In the literary world, there are prizes and there are prizes. And then there is the Nobel. The annual award, available to any writer in any country, is prestigious, lucrative and meant to recognize a lifetime of work. But for the last half-century the prize has swung from celebrating literary excellence to making political statements.
Those statements have often been muddled, especially where the politics have concerned superpowers on the rise or wane. The decision this week to award the 2012 prize to the Chinese novelist Mo Yan may be an especially awkward example of the Nobel's non-literary instincts, but it isn't new.
First, the laureate himself. Born in 1955 into a farming family in Shandong province, Mo Yan survived the Cultural Revolution – no small achievement – and came of age during the 1980s thaw. The 1987 film Red Sorghum, based on two of his early novels and directed by the great Zhang Yimou, re-introduced Chinese cinema after decades of communist-imposed silence.
Subsequent Mo Yan novels from the 1990s, The Garlic Ballads and The Republic of Wine, established him as a satirist with the clarity of insight, and artistic daring, to portray contemporary China as a surreal cross of Franz Kafka and Lu Xun, with the wildness of Chinese folklore tossed into the mix.
In all his translated writings, Mo Yan sides with regular folk obliged to deal with an officialdom that is capricious and cruel. His short-story collection Shifu: You'll Do Anything for a Laugh, published in English in 2002, focuses on a group of laid-off factory workers who open a fake massage parlour. Zhang Yimou adopted that story for the screen as well, and ran into troubles with Chinese censors.
Mo Yan has had his share of troubles with those same authorities, but has managed to keep publishing, and continue living, in China. He has done so in part by adhering to his own pen name – Mo Yan means "don't speak" in Chinese – in part by writing novels that cloak their critiques in humour and bawdiness, and in part, perhaps, by picking his fights on the page, rather than in public life.
As such, his membership in the Communist Party, now being scrutinized by critics of the Nobel's decision, and his willingness to participate in "official" – i.e., state-sanctioned – literary culture, is in keeping with the delicate balance he must wish to maintain.
Mo Yan's recent quarrels with exiled writers, and his willingness to defend the regime in Beijing, haven't flattered his image. But he did call for the release of imprisoned Nobel Peace Prize-winner Liu Xiaobo on his first day as the 2012 laureate, and may prove those critics wrong. And it must be said: Being any kind of thinking, caring citizen in China is hard – a fine balance indeed.
Two other things need be said about Mo Yan. Though a very good writer, he is neither the most significant living Chinese author, nor the first to receive the Nobel Prize for literature. (Contrary to what the Chinese authorities have been trumpeting since the announcement on Thursday.) Gao Xingjian, who did not set foot outside his homeland until age 40, was awarded the 2000 Nobel, and Ma Jian, author of the monumental Beijing Coma, is an artist of global significance.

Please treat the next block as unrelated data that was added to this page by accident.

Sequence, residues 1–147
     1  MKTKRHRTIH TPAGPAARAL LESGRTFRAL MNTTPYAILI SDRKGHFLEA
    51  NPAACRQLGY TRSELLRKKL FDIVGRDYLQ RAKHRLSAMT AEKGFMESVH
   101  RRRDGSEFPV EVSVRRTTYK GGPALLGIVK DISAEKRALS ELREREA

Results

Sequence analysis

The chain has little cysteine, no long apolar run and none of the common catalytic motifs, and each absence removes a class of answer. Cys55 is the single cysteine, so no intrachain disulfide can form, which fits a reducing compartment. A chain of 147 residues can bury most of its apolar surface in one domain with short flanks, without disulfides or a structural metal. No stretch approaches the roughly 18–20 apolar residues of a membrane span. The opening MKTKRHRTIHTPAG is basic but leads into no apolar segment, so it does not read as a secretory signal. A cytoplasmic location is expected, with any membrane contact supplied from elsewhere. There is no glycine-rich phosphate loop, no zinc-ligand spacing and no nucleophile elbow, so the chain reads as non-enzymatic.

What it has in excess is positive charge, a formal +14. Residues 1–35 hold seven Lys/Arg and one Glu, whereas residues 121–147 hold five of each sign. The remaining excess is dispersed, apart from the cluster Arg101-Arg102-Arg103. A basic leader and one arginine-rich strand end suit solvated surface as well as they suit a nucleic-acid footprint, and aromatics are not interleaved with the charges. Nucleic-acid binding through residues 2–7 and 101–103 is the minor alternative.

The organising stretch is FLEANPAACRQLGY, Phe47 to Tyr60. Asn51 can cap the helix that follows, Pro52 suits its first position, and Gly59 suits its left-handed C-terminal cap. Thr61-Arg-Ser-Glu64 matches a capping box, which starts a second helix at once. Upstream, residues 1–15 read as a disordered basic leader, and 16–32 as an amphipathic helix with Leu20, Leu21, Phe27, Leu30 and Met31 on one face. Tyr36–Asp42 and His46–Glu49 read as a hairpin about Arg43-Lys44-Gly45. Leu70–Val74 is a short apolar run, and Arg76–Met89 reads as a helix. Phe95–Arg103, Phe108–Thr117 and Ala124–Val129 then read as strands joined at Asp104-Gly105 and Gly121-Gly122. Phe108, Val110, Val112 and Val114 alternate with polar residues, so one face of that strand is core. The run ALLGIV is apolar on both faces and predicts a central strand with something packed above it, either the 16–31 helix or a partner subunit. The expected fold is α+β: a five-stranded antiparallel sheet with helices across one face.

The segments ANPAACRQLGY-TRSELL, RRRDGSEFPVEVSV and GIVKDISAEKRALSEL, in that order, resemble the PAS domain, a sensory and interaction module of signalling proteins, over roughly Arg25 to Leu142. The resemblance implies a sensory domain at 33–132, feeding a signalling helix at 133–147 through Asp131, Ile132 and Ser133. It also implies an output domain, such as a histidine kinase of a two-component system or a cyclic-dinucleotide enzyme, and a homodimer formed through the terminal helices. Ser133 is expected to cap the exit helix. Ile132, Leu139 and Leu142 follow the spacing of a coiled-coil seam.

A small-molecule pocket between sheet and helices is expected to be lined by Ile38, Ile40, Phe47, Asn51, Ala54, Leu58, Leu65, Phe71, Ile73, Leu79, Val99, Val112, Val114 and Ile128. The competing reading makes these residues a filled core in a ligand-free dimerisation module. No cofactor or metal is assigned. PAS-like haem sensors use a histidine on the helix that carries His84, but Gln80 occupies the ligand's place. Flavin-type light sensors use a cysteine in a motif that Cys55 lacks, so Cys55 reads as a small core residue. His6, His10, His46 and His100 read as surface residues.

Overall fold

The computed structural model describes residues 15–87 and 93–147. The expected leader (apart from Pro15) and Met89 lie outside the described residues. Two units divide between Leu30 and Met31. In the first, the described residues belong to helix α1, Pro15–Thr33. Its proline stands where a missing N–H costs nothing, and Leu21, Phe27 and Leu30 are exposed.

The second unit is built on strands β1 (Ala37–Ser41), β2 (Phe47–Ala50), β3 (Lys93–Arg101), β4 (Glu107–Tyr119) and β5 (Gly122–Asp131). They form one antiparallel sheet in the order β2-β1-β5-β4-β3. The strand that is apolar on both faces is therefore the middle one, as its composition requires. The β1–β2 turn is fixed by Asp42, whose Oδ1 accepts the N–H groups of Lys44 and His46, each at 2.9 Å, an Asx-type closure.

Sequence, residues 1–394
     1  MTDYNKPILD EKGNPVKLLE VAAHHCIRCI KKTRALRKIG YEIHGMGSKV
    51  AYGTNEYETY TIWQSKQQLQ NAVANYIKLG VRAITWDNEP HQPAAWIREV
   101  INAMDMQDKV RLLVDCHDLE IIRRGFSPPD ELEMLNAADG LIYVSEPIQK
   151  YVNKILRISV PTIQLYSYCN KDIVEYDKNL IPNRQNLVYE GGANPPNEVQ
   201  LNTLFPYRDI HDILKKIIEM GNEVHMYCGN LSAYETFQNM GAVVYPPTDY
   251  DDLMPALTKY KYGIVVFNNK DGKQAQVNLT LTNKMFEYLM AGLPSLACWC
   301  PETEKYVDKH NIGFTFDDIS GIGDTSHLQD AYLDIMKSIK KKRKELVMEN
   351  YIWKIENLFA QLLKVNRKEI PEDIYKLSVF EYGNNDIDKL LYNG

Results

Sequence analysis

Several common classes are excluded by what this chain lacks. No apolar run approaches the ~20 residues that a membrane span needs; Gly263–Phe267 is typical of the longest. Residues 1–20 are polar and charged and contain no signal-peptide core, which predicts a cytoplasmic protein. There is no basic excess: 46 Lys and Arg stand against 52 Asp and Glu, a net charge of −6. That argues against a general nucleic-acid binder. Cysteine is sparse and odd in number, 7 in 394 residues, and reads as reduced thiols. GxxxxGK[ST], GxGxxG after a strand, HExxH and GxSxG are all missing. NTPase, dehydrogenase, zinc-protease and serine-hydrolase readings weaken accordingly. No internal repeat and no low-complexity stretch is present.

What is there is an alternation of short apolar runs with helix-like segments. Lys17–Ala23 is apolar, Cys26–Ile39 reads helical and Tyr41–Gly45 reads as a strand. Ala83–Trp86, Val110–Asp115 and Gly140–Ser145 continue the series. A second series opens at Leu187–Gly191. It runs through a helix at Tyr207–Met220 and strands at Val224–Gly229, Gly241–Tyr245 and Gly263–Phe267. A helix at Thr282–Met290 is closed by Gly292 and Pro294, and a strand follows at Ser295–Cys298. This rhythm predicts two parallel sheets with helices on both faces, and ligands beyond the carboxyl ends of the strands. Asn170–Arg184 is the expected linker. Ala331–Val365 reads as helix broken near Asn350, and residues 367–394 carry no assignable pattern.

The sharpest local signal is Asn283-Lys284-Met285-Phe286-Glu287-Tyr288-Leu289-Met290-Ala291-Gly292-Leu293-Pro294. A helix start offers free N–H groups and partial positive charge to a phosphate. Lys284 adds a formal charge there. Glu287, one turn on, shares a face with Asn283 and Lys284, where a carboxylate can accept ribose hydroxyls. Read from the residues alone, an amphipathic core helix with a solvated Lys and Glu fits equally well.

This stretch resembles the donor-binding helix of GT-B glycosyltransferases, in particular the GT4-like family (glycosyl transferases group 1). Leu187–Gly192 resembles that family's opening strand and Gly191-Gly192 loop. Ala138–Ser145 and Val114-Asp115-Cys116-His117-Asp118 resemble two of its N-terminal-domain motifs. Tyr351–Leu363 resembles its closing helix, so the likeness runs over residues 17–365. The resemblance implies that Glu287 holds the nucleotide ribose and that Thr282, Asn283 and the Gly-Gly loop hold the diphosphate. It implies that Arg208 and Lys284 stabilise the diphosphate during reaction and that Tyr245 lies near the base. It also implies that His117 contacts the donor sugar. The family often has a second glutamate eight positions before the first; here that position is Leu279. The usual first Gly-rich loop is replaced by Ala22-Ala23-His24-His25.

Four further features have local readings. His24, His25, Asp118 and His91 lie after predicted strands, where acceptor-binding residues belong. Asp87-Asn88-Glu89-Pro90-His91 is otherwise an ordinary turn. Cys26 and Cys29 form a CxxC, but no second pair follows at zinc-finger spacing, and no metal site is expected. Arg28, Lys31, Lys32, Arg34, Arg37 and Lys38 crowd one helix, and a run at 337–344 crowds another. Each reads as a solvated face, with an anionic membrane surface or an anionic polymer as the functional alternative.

But Gao Xingjian, unable to abide the lack of freedom, has been a French citizen since 1997 and Ma Jian likewise lives and writes in exile in London. Here is the rub, and the reason why scrutiny should turn from Mo Yan to the Nobel committee itself, and this latest use of the prize as a political statement – in this case, an apparent nod to the might of 21st-century China.
The Nobel can't pluck the exiled Gao Xingjian out of obscurity in 2000 as a gesture of solidarity with the dissident artist, and an implicit critique of China's human-rights record, and then award the China-resident, somewhat regime-friendly Mo Yan 12 years later. Not, at least, when that human-rights record is, if anything, worse than it was a decade ago, and a fellow Nobel laureate languishes in a Chinese prison.
The Nobel committee has made such a sloppy show of its convictions before. In 1958, the prize was given to the Russian poet and novelist Boris Pasternak for Dr. Zhivago, and to deliberately highlight the plight of artists in the Soviet Union. Soviet authorities were furious, and forced Pasternak to decline.
Seven years later, however, the prize was awarded to a genuinely Soviet novelist, the laborious Mikhail Sholokhov, despite scarcely improved circumstances in Russia. Sure enough, a scant half-decade further into the steady decline of the Soviet empire, the Nobel committee flipped again by acknowledging the courage and defiance of Alexander Solzhenitsyn. Politically speaking, they were all over the map.
With China, they appear once more unable to sort out where, or with whom, they stand. For the record, the committee could try just standing with literature itself, rewarding careers of sustained achievement – wherever those careers unfold. They do so from time to time, but not consistently enough.
And yes, if they did stick to this approach, Canada would probably have a laureate by now. By those reasoned measures, Alice Munro, Margaret Atwood, Michael Ondaatje or Rohinton Mistry would all make for worthy Nobel winners.
Charles Foran is the author of 10 books, including the biography Mordecai: The Life and Times.